Dispersion Strengthened Titanium Alloys


Finley dispersed nano-particles of oxides can be successfully used in the strengthening of titanium alloys due to their hardness, stability and insolubility in the base-metal.
Other dispersoids can also be used such a ceramics but the most important aspect is for them to be thermodynamically stable, homogeneously distributed in the metal matrix and of nanometric size.

The introduction of fine dispersed particles into the metal matrix has significant reinforcing effects, which can be kept even at elevated temperatures. For such reinforcement nano-particles of oxides are suitable due to their hardness, stability and insolubility in the base-metal, although they represent obstacles to dislocation and grain boundary motion at elevated temperatures, it is without a significant effect on thermal and electrical conductivity.

Results of research on dispersion reinforced materials point out the significance of properties of the starting powders and of the starting structure, which even though suffers certain changes in further processing, basically remain preserved in the structure of the final product. A very important aspect of dispersion strengthening is introduction of low volume fraction of dispersed oxide particles into the volume of the base-metal, a uniform distribution of oxide particles and their fine dispersion especially in nanometer scale.

Alloys exhibiting high mechanical strength together with high electrical and thermal conductivity at elevated temperatures are in increasing demand. Its strength must be increased in order to meet design requirements for high-temperature applications. The high-temperature mechanical strength of metallic alloys can be increased by adding a small fraction (e.g., between 2 and 5 vol.%) of ceramic dispersoids. In contrast to solid-solution strengthening, the addition of elements to form insoluble particles has little effect on the electrical conductivity.

To be most effective, these dispersoids must be thermodynamically stable, homogeneously distributed in the metal matrix and of nanometric size. Reaction milling is a modern manufacturing process which uses mechanical alloying for the in-situ development of nanometric dispersoids in a metal matrix. In reaction milling, elemental powders are milled under a controlled atmosphere and in a suitable milling medium so that one of the metals reacts with C, N, or O in order to form carbides, nitrides or oxides, respectively. Thus, dispersion-strengthened copper with improved mechanical behavior at high temperature can be obtained.

On the other hand, upon adding ceramic dispersoids, the high temperature strength of the material is mainly controlled by two deformation mechanisms: dislocation creep, where the strain rate is controlled by the dislocation-particle interaction within the grains, and diffusional creep, controlled by the interaction between grain-boundary dislocations and particles.

Solid solution strengthening occurs when alloy atoms are randomly distributed throughout the matrix, causing local misfit strains that affect dislocation behavior. Solute atoms can also cluster around dislocation cores, creating "solute atmospheres" that impede dislocation motion. Elements can occupy either regular sites in the lattice (substitutional) or sites in the interstices (interstitial). Two different interstitial sites exist in the close-packed hexagonal unit cell as indicated in Figure 1. Typically, the type of site that a particular atom occupies is determined by its atomic radius and electronic character.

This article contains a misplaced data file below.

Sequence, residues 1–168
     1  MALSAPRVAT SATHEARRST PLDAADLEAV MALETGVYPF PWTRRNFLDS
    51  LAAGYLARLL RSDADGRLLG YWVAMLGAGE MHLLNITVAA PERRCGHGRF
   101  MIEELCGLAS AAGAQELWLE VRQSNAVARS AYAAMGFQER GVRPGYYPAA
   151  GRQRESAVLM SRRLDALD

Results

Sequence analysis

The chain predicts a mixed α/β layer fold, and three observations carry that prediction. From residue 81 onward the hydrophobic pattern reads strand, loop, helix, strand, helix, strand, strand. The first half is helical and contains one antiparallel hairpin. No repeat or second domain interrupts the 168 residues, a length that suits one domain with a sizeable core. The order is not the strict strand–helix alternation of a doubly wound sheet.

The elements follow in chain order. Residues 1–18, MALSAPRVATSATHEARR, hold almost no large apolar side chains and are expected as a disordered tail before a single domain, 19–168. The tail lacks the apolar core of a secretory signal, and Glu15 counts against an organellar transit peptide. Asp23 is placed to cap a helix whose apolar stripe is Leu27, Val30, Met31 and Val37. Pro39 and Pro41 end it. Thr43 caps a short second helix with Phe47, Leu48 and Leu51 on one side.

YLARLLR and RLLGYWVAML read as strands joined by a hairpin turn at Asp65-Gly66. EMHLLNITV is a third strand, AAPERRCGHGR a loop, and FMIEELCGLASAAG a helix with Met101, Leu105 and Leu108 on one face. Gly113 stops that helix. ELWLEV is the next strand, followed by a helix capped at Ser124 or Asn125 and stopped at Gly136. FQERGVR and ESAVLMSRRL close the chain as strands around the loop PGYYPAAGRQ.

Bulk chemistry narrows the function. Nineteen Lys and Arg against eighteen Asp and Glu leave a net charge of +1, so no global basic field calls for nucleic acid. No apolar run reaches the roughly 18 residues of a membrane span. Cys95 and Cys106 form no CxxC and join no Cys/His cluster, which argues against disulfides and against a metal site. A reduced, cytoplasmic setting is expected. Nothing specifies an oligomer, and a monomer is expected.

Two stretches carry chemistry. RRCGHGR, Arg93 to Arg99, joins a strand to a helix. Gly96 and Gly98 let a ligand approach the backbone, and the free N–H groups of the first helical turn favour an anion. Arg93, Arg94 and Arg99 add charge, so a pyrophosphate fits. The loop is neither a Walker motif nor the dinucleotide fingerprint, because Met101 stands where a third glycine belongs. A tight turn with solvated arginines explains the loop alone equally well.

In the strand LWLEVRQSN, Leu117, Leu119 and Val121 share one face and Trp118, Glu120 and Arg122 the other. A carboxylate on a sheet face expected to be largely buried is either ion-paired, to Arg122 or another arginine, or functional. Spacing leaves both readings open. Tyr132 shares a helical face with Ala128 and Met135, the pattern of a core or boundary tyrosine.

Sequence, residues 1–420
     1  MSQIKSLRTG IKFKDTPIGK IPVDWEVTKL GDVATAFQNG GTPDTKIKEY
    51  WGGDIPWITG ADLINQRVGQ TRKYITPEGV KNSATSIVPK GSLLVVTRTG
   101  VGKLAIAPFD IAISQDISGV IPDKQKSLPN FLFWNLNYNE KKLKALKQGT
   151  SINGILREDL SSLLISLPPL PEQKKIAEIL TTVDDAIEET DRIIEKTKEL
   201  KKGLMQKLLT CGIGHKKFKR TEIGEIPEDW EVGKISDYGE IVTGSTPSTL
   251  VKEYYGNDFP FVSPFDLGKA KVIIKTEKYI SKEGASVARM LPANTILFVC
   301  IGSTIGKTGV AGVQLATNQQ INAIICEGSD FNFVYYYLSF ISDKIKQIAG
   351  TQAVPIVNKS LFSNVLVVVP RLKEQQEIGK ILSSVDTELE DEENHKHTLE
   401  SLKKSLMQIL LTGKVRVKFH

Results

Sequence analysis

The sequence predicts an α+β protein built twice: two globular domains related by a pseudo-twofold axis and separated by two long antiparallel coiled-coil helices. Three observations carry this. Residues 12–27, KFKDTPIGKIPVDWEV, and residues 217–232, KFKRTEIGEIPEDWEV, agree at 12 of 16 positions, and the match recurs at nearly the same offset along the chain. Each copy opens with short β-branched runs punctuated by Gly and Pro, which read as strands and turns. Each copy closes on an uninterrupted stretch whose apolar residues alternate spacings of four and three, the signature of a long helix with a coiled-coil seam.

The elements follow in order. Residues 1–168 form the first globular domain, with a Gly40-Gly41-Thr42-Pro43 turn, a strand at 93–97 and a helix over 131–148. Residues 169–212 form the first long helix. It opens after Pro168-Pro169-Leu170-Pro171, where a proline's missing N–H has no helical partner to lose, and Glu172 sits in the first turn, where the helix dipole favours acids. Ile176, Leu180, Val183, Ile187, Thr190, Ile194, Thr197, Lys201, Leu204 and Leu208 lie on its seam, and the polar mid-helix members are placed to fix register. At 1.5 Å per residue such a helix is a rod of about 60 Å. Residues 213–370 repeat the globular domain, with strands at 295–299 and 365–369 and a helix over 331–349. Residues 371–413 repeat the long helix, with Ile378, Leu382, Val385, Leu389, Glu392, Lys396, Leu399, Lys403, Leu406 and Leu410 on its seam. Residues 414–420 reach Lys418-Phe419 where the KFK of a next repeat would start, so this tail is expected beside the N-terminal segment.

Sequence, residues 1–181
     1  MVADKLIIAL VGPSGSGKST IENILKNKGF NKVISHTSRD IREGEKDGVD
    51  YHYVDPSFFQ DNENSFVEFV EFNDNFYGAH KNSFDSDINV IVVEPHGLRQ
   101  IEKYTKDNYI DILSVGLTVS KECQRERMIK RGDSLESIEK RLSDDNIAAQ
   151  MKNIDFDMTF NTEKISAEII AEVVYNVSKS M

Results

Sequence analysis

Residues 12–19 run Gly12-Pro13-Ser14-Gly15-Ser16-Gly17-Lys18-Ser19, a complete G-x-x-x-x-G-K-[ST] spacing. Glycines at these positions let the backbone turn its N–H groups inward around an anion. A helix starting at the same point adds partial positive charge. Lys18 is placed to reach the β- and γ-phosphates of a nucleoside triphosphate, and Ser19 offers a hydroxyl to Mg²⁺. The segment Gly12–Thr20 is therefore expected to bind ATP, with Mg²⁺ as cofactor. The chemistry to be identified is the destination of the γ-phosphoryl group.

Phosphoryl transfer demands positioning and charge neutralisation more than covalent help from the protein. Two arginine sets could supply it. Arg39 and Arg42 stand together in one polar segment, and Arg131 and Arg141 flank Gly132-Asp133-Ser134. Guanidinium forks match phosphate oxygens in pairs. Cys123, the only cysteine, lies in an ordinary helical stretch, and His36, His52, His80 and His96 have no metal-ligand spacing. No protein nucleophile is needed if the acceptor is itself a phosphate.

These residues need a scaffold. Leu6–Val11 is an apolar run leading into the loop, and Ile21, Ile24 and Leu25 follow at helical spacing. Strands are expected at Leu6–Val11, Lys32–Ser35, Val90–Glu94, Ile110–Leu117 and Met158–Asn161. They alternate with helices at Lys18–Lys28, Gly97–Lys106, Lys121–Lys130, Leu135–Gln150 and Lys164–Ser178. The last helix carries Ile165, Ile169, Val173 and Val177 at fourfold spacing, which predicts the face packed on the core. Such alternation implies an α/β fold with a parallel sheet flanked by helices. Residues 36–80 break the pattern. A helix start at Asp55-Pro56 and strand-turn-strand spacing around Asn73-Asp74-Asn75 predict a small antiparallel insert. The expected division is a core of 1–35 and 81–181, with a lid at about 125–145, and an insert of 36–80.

Figure 1: Schematic of hexagonal close-packed lattice structure of a-titanium showing interstitial sites. Dark circles are tetrahedral sites while small open circles are octahedral sites. Adapted from Conrad.

In a-titanium, most interstitial elements occupy the octahedral sites since their atomic radii closely match the radii of the octahedral sites (the tetrahedral sites have a radius that is approximately half that of the octahedral sites). Other alloying elements with much larger radii (aluminum, tin, etc.) occupy substitutional sites in the lattice.

For substitutional alloying, an element with high solubility is desired so that a large amount of solute can be added without fear of precipitating a second phase. The optimum choice for titanium is aluminum, which can remain in solution at concentrations up to 25 wt% (about 8 wt% at 298 K). Figure 2 shows the strengthening effect of aluminum when added to titanium. Addition of aluminum to the base titanium metal must occur prior to the laser processing operation and hence cannot be controlled during deposition. On the other hand, gaseous interstitial elements can be added in-situ giving greater flexibility in the level of hardening obtained. Since control of solid solution hardening in LENS processed materials occurs through metered gaseous additions of interstitial elements, the remaining review will focus on interstitial, not substitutional, solid solution strengthening.

Figure 2: Graph showing mechanical properties of titanium with 0 to 8 wt% addtions of aluminum.


1. M. Korać, Ž. Kamberović, Z. Andjić, M. Filipović, M. Tasić: Sintered Materials Based on Copper and Alumina Powders Synthesized by a Novel Method, Science of Sintering, 42, 2010, p.81-90, doi: 10.2298/SOS1001081K, UDK 622.785:546.56:661.183.8;

2. R. G. Espinozaa, R. H. Palma, A. O. Sepúlveda, A. Zúniga: Creep behavior of a dispersion-strengthened Cu–Ti–Al alloy obtained by reaction milling;

3. C. A.Brice: Dispersion Strengthened titanium alloys produced via direct laser deposition, MSc thesis, The Ohio State University, 2000, Accessed November 2017.

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